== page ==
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People are people and change does not come in a hurry. Pasu Bhava is the natural state where ingestion, digestion, evacuation, procreation, and excretion in the awake state, sleeping and dreaming are the basic functions. The divine man having been a Pasu earlier in life sees the transformational potential in other Pasus, who do not tolerate sudden changes in lifestyle. So the Divine man--god-man--devises an instrument of codes, rules, regulations, and prescribed behavior, which will carry the Pasu through the heroic phase and eventually to Divya Bhava; all this seamless transition and transformation takes place without pain or resistance in the inclined.

Most of the time, the aspirants remain in Pasu or Vira stages of life. Who wants to give up drinking wine suddenly and suffer delirium tremens? Who wants to give up eating meat suddenly? The Divine man establishes certain rules and says that one can eat meat and drink wine on certain occasions and not other times.

That is progress. Sex is a powerful force next to hunger. The Divine man recommends that it is alright to engage in sex in wedlock and and out of wedlock under strict rules. Out of wedlock encounters are permitted if the spouse is physically and or mentally incapable of such relationship.

Now the wild Pasu has a leash on him and his behavior. When the controlled behavior becomes a daily routine, a palpable and discernable transformation takes place in the life of Pasu; he is now a Vira Hero. He is a soldier taking orders without questioning, doubt or dither. By nature, Vira is Rajasic or excitable Uddhata , ready for action. He meditates, leads a life of rituals and seeks oneness with Brahman. He is ready for the next step: becoming a Divine man.

He eats to live; he gives up eating meat or indulging in sex; his spirit rises and the flesh falls. He meditates, performs breath control and attains oneness with Brahman and enjoys the Ultimate Bliss of union with his deity. At this juncture he becomes THAT. That Thou Art. THAT you are. There is no difference between Him or Her on one hand and the Yogi on the other hand.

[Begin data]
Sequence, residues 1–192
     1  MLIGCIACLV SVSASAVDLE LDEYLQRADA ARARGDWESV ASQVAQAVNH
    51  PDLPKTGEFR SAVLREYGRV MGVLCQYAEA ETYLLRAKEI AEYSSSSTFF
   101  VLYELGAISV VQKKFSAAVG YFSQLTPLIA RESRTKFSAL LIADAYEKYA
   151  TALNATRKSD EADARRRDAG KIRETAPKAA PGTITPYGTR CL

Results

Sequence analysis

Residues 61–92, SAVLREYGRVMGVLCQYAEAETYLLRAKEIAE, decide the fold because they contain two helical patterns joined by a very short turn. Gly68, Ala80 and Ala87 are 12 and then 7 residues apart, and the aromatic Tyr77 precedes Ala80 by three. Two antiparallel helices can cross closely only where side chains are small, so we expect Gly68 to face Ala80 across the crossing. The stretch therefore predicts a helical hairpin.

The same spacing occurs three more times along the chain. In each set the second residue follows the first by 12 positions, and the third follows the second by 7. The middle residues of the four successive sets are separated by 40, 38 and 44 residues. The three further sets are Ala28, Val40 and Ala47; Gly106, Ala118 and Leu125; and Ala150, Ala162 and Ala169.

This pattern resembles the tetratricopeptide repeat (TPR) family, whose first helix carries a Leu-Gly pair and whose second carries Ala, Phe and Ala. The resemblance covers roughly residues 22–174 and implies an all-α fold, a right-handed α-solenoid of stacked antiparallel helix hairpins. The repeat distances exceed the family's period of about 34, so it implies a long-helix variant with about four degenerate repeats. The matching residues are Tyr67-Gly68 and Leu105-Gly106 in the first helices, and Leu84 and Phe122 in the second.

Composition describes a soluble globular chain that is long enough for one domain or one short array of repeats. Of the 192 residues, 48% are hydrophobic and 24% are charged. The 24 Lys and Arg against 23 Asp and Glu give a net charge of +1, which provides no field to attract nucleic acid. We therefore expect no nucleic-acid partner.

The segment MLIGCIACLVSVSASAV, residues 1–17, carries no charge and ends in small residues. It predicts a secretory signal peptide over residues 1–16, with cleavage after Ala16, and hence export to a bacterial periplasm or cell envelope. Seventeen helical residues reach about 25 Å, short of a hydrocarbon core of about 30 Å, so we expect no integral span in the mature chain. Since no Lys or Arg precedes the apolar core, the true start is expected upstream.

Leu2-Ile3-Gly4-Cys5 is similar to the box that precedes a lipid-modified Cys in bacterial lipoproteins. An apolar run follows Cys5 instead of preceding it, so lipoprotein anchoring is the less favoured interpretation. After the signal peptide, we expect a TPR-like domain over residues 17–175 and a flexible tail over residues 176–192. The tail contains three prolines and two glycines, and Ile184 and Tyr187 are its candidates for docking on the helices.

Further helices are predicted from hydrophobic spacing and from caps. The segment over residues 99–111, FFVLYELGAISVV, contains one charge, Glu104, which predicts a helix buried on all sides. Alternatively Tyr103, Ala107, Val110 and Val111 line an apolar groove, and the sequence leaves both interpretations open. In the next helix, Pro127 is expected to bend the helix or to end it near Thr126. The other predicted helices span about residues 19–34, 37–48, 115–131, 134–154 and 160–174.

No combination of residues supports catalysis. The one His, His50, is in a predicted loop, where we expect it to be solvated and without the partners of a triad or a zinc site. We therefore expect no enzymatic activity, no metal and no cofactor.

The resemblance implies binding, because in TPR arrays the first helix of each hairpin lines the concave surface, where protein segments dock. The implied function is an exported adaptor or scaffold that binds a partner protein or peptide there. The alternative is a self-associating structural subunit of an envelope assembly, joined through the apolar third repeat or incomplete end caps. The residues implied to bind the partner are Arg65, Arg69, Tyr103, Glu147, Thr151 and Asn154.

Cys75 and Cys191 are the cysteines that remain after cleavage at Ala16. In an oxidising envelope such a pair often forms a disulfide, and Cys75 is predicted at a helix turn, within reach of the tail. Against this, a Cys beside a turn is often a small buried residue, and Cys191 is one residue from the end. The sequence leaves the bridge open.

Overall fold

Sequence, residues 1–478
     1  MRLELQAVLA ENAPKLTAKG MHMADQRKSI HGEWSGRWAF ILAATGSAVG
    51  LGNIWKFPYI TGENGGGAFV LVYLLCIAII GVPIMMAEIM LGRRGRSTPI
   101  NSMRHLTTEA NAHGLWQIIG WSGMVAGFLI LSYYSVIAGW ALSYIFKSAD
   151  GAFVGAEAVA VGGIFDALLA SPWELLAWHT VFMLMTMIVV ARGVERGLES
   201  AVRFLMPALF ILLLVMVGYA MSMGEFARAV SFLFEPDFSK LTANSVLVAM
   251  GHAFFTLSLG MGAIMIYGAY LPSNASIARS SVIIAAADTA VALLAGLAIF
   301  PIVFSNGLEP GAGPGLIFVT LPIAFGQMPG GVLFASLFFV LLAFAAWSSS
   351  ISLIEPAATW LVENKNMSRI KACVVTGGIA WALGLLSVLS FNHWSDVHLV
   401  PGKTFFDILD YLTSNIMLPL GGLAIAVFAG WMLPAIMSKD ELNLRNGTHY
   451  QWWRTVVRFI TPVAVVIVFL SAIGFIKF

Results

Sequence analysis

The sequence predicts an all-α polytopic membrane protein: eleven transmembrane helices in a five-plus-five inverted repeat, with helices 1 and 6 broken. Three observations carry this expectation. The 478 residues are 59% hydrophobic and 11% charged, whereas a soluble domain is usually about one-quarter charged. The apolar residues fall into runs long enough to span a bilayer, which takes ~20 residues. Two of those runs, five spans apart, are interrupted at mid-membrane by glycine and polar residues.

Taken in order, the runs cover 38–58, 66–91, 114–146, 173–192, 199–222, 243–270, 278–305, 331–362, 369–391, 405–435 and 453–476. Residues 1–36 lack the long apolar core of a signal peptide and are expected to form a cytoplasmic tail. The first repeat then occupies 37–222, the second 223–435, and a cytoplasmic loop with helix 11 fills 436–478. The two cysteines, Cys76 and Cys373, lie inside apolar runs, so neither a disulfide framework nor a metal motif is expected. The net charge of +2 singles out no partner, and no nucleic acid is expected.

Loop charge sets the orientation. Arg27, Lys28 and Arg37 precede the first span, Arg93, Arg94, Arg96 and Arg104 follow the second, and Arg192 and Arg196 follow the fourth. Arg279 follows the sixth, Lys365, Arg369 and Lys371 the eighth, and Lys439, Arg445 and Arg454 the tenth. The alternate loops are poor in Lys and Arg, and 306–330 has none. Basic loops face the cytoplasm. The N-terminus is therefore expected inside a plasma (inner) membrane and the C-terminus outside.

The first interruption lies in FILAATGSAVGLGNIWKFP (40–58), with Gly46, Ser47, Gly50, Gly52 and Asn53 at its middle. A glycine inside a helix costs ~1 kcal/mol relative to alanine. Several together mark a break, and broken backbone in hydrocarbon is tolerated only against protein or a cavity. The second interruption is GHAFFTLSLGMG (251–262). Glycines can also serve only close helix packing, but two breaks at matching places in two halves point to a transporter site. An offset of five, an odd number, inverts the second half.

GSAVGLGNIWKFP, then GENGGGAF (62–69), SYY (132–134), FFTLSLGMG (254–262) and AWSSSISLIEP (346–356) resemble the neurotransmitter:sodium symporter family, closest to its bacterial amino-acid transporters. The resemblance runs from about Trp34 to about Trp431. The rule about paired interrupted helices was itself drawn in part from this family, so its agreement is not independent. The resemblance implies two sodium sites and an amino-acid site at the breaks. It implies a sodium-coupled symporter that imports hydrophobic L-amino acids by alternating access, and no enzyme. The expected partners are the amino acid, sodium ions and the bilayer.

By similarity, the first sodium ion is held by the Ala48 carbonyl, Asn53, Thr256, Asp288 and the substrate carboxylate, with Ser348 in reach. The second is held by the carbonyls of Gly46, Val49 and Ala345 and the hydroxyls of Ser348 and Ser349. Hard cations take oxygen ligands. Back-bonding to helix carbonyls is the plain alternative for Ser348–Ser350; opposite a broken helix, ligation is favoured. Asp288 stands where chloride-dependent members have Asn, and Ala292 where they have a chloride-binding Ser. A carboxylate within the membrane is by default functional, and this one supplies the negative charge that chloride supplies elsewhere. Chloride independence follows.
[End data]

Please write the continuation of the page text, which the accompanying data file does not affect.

This is the central essence of Tantra of Transformation. All living creatures and for that matter inanimate objects have these qualities. Wind has motion; fire has passion; water has virtue. Each one of the objects has one major quality, either Tamas, Rajas or Sattva and two minor qualities. Let me explain it further. Water is mostly Sattvic; heat and motion in water are Rajas; stagnation is Tamas.

Man is not any different. They have variable amounts of the other two gunas. Qualities or attributes also have these gunas. Honesty is Sattva; robbery is Rajas; murder is Tamas. When these three gunas are in equilibrium, there is no action; it is like the chemically inert gas or noble gas. There is a reason why they helium, neon, argon, krypton, xenon, and radon are called Noble Gases. The Yogi, having become Sattvic, transcends Sattva, which takes him to the sphere of god.

Idols, which Muslim abhors and Hindu reveres are repository of Divine Sacrament. Objects for a Muslim cannot be a sacrament, though he does not discard the torn pages of Quran. Thus, he has respect for an object shredded Koran that represents God on earth. To the Hindu also, that shredded paper is sacred, though it is mere paper; it has the word of God.

Muslim regards Kaba as sacred. Though the Muslim does not agree on the Hindu Idol Worship, he sees eye to eye with the Hindu on formless god and the sacred stone Kaba for the Muslim and Salagrama for the Hindu.

There is an interesting story about rationalist Vivekananda becoming a spiritualist and his success at converting a foreign-educated inveterate aniconic an-iconic fop to an idolist. Once Vivikananda went visiting with the newly-minted neo-phobic of Indian values and mores. The salivary splatter on the revered portrait drew inordinate anger from the host. Keeping his natural cool and composure, Vivekanada questioned its sanctity and whether his father lived in the portrait.

There is another interesting Spit Story. Can a person spit on the Lingam, as the story pertains to a lingam? The short answer is Yes if it is done with devotion. Real-life Thinnan, a Siva Bhakta and a hunter by trade, had to travel a long distance to worship a Lingam. He had no vessel to carry water for the Abhisekham ritual ablution of the Lingam. All gods like ablution and wearing jewels. He carried the water meant for abhisekham in his mouth, which he spat on the Lingam; he then proceeded to offer his prayer and worship.

The moral of the real-life story is that an act, apparently one of disrespect and irreverence, is religiously sanctioned under extenuating circumstances, where the intent is sincere. The pre-Islamic Arabs believed in spirits abiding in stones, sticks, trees, and springs.